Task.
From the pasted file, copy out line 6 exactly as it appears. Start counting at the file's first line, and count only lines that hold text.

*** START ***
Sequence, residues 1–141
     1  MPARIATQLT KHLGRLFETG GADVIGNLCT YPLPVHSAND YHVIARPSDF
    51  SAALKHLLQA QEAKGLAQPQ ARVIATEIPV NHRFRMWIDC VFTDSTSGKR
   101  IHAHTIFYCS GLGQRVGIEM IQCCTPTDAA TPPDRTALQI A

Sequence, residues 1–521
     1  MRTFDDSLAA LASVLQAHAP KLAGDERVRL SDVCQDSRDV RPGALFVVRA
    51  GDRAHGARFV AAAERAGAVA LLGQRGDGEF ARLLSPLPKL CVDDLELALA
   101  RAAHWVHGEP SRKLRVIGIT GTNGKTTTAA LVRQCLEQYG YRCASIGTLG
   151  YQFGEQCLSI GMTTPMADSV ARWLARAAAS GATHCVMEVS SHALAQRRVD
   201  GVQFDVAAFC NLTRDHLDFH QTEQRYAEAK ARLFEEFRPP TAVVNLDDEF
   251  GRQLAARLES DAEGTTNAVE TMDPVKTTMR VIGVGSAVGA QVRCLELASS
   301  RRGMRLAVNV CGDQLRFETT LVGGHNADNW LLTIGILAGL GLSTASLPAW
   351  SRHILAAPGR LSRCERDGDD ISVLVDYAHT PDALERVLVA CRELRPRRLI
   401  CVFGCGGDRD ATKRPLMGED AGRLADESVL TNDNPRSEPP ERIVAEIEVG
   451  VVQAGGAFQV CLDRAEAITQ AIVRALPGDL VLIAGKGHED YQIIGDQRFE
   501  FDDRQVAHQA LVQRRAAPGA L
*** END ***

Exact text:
     1  MRTFDDSLAA LASVLQAHAP KLAGDERVRL SDVCQDSRDV RPGALFVVRA